David Wohlabaugh’s upbringing wasn’t like most, and he wouldn’t have it any other way.
The 6-foot-6 inch 280-pound offensive tackle from Akron, Oh. signed with the University of Kentucky Wednesday morning to become the third member of his family to play Power Five football. Wohlabaugh will graduate high school this month and enroll at UK in January. An extraordinary accomplishment, it’s sort of routine in the Wohlabaugh family.
David’s older brother, Jack, started his college football career at Ohio State before transferring to Duke. After suffering season-ending injuries in consecutive seasons, he’ll return to Durham for one last ride in 2021.
“I just think it’s funny because he’s going into his sixth year of college,” the younger Wohlabaugh told KSR.
They each have a ways to go if the want to catch up with the leader of the clan. Syracuse product Dave Wohlabaugh was a nine-year NFL veteran that played with the New England Patriots in Super Bowl XXXI, Drew Bledsoe’s loss to Brett Favre’s Green Bay Packers, before he signed a lucrative deal to join the Cleveland Browns in the first year of the franchise’s rebirth. That’s right, David Wohlabaugh’s Dad was Tim Couch’s center.
“I’ve actually never met him in person but he follows me on Twitter and stuff so I think that’s pretty cool,” Wohlabaugh said. “When my brother went on a visit to Kentucky when he was in the recruiting process, my Dad had Tim Couch come down and he was saying how funny it was because everyone goes crazy for him there. They said he was like the second coming of God or something like that because everyone loves him down in Kentucky in the Lexington area.”
The connections are eye-opening, but that’s not how this three-star recruit ended up in Lexington. Recruited by Vince Marrow and John Schlarman, Wohlabaugh opened the coaching staff’s eyes at a UK camp in the summer of 2019. Even though he had offers from Arizona State, Pitt, West Virginia and seemingly every school in the MAC, it only took a few months before Wohlabaugh was ready to commit in February of 2020.
“Me and my Dad talked all the time,” the offensive tackle said, “and I was just looking for a school that would give me both the best on-field football experience and outside of football. That whole thing and the coaching staff honestly, it just felt like a great group of guys doing whatever they can to be the best they can be.”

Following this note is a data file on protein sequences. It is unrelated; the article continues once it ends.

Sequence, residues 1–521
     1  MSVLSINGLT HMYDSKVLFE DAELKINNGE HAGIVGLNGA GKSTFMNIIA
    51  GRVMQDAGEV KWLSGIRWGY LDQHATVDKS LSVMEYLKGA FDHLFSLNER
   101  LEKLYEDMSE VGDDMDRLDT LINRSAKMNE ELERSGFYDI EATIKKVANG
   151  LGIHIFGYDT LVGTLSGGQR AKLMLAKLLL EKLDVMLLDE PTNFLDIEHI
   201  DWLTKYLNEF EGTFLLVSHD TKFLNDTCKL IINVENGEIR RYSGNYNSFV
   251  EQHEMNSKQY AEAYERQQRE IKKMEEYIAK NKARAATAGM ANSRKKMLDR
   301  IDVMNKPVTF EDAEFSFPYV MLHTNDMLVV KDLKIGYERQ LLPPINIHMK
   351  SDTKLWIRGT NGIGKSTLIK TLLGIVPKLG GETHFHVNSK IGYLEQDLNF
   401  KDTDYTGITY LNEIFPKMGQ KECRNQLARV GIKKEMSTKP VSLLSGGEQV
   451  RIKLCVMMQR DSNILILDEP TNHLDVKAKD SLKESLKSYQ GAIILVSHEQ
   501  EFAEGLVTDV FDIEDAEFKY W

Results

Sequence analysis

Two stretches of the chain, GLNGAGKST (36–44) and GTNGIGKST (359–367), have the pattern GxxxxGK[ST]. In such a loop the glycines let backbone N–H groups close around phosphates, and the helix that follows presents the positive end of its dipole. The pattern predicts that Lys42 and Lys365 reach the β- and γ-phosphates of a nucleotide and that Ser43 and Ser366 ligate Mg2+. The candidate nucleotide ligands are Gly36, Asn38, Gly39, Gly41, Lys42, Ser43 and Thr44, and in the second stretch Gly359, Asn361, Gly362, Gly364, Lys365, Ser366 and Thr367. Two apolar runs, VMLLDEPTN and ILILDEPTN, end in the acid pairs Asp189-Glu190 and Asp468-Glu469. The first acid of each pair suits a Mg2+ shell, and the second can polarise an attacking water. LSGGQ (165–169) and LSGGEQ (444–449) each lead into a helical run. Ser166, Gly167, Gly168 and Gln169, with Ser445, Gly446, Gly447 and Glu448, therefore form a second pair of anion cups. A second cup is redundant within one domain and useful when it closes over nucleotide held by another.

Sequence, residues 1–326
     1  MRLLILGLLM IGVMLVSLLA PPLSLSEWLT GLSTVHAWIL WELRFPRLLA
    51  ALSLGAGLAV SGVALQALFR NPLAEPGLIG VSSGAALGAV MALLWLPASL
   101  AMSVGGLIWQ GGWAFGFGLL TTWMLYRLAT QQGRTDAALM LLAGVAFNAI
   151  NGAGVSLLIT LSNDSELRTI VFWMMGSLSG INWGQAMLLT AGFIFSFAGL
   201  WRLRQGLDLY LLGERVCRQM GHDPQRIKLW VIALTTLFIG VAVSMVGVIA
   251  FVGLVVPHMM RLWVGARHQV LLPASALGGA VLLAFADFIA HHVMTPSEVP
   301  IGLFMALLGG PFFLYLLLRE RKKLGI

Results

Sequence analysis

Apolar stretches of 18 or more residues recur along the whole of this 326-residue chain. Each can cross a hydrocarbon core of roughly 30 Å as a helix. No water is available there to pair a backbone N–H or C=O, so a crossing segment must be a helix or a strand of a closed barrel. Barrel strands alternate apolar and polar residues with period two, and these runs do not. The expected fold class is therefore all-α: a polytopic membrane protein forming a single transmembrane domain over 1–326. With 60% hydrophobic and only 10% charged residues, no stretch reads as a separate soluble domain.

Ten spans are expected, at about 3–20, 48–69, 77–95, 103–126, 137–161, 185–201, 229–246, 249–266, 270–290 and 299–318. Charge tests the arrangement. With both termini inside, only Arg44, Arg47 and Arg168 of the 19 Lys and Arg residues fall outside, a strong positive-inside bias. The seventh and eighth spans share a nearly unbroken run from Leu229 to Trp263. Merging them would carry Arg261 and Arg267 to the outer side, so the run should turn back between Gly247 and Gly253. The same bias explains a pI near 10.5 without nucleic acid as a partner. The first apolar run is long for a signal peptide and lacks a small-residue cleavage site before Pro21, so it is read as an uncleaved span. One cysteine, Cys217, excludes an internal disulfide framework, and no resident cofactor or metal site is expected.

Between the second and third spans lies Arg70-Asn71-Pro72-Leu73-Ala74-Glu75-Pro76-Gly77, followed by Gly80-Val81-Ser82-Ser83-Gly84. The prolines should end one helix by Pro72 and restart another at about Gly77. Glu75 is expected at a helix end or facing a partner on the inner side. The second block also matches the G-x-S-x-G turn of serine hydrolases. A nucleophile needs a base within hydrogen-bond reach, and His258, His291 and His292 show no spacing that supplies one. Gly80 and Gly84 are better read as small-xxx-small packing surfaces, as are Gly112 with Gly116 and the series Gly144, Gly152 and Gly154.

Throughout the recruiting process Wohlabaugh had the benefit of a strong support system to ensure that he made the right decision. His brother had to learn from his mistakes in recruiting the hard way.
“He would always tell me, ‘Make sure you pick the right school. Don’t try and go to the biggest possible school you can. Go to the school that fits you the most.’ He went to Ohio State originally and he eventually had to transfer out and now he’s at Duke. His advice was find the best people to surround yourself with.”
Jack isn’t the only Wohlabaugh handing out advice. Some might sympathize for a kid who has to get coached on the field and at home. David sees it as an opportunity to learn from someone who was once the highest-paid center in the NFL.
“He’s a hands-on Dad, for sure,” David told KSR. “I would watch film with my team on Saturday mornings, workout, then I would come home and watch the film with him again. He gets really into it with me, teaching me stuff. He’s really critical of my technique and stuff like that, which I love, just so I can be the best player I can be.”
Even though David cannot replicate that kind of relationship with his brother while away at college, Jack helps him in more than one way. David still has not reached the point where he can beat up his big brother.
“No, not yet. Trust me, everyday I work out I think about it because when we were younger he always picked on me,” David said. “The day is coming.”
If childhood vengeance isn’t enough to motivate the younger Wohlabaugh, all he has to do is look at his father’s accomplishments the walls of his family home.
“It inspires me honestly, everyday looking at all of the jerseys and stuff on the wall and the game balls or the awards he got, it inspired me to work harder. Obviously, it’s normal for me. I don’t know what else it would be like, but I still think it’s really cool.”
Football is a family affair in the Wohlabaugh family. He’ll always have their support, but now it’s up to David to take the next step in his development at the University of Kentucky.